Patriotism, With Pay

In five years, one-third of federal emergency workers will retire. With the possibility of a protracted campaign against terrorism, and the average age of federal workers now reaching 45, the government is having to step up recruitment efforts.

This campaign to fill key jobs is no less important than maintaining recruitment levels in the military, and it deserves just as high a priority.

At the Federal Emergency Management Agency (FEMA), for instance, nearly half of the staff will retire within five years. This is the frontline agency for response to all kinds of disasters. Short-term solutions at FEMA and other offices include summoning back recent retirees with a public relations blitz, and offering flexible schedules, telecommuting, and other incentives.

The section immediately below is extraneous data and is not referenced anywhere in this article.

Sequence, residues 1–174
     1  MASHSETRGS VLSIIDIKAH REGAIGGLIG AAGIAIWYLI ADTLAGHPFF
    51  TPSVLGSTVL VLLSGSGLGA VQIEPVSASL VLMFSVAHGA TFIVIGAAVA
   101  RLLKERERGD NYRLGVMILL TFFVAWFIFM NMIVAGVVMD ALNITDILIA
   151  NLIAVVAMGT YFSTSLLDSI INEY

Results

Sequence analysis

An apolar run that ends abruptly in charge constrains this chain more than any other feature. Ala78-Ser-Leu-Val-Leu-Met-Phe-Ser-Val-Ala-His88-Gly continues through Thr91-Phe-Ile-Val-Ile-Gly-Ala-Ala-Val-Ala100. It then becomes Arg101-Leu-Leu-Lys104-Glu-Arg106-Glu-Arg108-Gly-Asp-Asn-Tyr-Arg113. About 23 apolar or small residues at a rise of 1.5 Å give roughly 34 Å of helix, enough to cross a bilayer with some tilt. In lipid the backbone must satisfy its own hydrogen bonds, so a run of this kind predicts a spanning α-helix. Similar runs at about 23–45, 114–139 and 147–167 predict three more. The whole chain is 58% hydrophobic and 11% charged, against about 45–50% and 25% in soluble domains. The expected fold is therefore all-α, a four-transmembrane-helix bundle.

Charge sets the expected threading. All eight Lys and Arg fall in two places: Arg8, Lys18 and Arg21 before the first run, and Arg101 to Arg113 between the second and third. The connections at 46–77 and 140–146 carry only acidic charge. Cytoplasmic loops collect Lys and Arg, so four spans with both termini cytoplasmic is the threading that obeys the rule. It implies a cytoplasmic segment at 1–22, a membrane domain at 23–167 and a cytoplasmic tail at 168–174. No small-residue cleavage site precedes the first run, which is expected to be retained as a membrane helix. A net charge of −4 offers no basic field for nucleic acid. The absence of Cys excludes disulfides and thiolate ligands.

The administration, though, is at odds over how to address the shortage in the future, and that needs to be resolved. Office of Management and Budget Director Mitch Daniels wants the private sector to compete for some 100,000 federal jobs during the next two years. Secretary of Defense Donald Rumsfeld thinks creating better jobs - and a better job environment - will attract worthy people to worthy government careers.

Civil service careers should remain vital, viable options for many Americans. But the government must be willing to take a hard look at practices too long in place, such as outdated employee-classification systems, pay gaps between the federal and the private sector, and layers of unnecessary management. Tying the rewards of civil service work to individual performance rather than years of service should help, too.

The economic downturn actually presents an opportunity for government recruiters. From CIA agents to EPA monitors to FEMA employees, a chance to serve the nation in these key posts may be one bright spot in an otherwise bleak employment picture.

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